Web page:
Uber Select. Soothe. Onefinestay. Now, even the pink mustache is getting fancy.
When Lyft announced it was launching its Premier service earlier this month, allowing its users to get picked up by a high-end luxury vehicle, it caught literally no one by surprise. With 70% of consumers demanding a more personalized shopping experience, brands are responding by providing “menus” of options. But only 26% of consumers feel it’s working, according to the Luxury Institute.
Back in the day, there was the haves and the have-nots. Rodeo or JC Penney. Chanel or Osh Kosh. Brands and businesses were all-in on a specific target and made sure those chosen ones felt special, taken care of, often making outsiders know they were exactly that.
Lyft was originally launched as an innovative way to connect drivers to riders in a world where young city dwellers were forgoing car purchases as part of everyday life. The whimsical pink mustache. The guessing game of what kind of car and driver you would get. “A ride whenever you need one.” It was all part of the lifestyle of Lyft and its every-day, mainstream users. But at the same time, the company was also (basically) telling my 65-year-old New Englander mother that if her Mercedes was ever in the shop, Lyft was not for her.
But now, with most of these services offering a “high-end” option, the lines are blurring around the types of consumers a brand can effectively reach.
So what’s changed?
First, it’s our definition of luxury. My mother’s generation thinks of luxury as a status symbol. This is not true for younger consumers. Millennials and Gen X — my generation — consider it a reward. A reward for dealing with work stress and life stress and family stress and so on. It’s something we deserve because of our effort, not something that defines our place in life.
Secondly, with the amount of exposure we now have on a daily basis — war, politics, hardship — our generation has adopted a “why wait” strategy. This is a primary reason experiences are becoming more important than savings accounts. We place the highest value on our own time, not on a logo.
This combination of immediate gratification for high-end rewards has redefined the luxury market. It’s what I often refer to as “expedited exclusivity.” We expect more, at a faster pace, than we ever have before. People are demanding higher-end treatment younger, and on a more regular basis.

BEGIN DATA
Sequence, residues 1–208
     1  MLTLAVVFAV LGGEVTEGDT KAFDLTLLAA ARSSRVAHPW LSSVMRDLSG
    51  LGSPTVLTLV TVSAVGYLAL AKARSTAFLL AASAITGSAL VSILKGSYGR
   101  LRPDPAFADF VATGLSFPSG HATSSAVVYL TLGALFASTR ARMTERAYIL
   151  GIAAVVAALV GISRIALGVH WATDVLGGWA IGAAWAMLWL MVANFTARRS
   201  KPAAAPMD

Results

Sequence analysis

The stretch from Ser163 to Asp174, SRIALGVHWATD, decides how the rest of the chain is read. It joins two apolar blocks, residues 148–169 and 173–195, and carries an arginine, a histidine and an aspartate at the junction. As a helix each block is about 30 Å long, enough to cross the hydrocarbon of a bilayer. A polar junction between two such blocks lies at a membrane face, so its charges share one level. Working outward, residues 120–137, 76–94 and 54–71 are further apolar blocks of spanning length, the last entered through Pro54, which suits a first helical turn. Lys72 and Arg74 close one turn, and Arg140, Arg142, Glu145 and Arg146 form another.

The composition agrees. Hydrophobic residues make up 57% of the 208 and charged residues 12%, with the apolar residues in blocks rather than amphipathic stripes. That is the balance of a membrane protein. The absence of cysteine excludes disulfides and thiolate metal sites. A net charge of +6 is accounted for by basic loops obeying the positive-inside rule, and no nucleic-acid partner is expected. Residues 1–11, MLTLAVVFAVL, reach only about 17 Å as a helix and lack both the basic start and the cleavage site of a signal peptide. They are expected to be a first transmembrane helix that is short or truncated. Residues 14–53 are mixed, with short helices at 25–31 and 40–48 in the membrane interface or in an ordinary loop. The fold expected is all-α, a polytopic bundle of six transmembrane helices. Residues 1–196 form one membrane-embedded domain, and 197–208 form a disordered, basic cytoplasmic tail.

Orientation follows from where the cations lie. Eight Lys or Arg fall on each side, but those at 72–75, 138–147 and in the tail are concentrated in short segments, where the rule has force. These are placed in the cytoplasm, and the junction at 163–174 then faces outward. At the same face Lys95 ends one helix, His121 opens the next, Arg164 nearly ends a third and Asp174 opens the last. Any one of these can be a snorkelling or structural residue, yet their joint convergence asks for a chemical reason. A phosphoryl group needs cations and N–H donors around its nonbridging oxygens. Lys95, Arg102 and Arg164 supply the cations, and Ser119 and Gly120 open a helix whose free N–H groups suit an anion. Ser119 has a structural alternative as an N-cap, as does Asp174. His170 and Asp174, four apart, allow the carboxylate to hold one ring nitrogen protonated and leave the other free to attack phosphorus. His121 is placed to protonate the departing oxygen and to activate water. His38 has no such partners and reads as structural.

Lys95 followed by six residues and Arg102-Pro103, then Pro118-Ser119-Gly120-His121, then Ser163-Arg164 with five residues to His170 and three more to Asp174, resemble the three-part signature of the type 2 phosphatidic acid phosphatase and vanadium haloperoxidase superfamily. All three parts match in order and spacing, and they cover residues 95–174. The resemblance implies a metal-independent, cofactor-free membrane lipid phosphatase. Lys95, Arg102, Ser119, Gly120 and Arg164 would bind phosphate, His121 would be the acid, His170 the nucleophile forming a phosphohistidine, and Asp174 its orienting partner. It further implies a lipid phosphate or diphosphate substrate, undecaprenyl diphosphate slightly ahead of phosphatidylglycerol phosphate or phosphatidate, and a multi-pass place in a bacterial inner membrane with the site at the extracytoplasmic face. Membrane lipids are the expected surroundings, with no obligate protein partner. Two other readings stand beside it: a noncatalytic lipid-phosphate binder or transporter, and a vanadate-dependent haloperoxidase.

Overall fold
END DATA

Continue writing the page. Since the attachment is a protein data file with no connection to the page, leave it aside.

Naturally, brands have adapted to it, or in the case of Lyft, adopted it. By taking it’s quirky, innovative service brand and slapping a “premium” next to it, they are going after a bigger-wallet consumer or more likely one who seeks expedited exclusivity and had not previously thought of Lyft as a brand that could offer that.
The lesson here is that making higher-end goods accessible to the mainstream needs discipline, but it can be done. With the right guardrails, most brands can do what Tiffany and Mercedes and Burberry successfully did: create lower-cost product lines, or mass awareness and appeal, without diminishing the true iconic value of the brand.
But can it go in reverse? Can brands that start out appealing to the masses create a truly leveled-up experience that will last?
Our history says it may be too far a bridge to cross. Walmart famously failed a decade ago when they launched Metro &, an upscale fashion line that intended to show they were on the cutting edge only to experience a disastrous launch that crippled national sales that year. And we all saw the public backlash that almost shuttered 114-year-old JCPenney when they decided to forgo coupons.
Have times changed enough to allow for brands to level up? I guess we’ll know the answer to that if you see my Mom riding sidecar with a pink mustache in the wind.
This post originally appeared in MediaPost. Read the original here.